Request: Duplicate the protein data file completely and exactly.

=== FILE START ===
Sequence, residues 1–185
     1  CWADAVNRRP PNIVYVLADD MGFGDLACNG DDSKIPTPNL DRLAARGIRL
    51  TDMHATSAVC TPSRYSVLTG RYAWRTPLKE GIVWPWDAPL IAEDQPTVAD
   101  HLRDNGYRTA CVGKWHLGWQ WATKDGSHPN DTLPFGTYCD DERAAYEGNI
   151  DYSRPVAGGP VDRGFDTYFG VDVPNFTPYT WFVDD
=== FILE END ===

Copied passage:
Sequence, residues 1–185
     1  CWADAVNRRP PNIVYVLADD MGFGDLACNG DDSKIPTPNL DRLAARGIRL
    51  TDMHATSAVC TPSRYSVLTG RYAWRTPLKE GIVWPWDAPL IAEDQPTVAD
   101  HLRDNGYRTA CVGKWHLGWQ WATKDGSHPN DTLPFGTYCD DERAAYEGNI
   151  DYSRPVAGGP VDRGFDTYFG VDVPNFTPYT WFVDD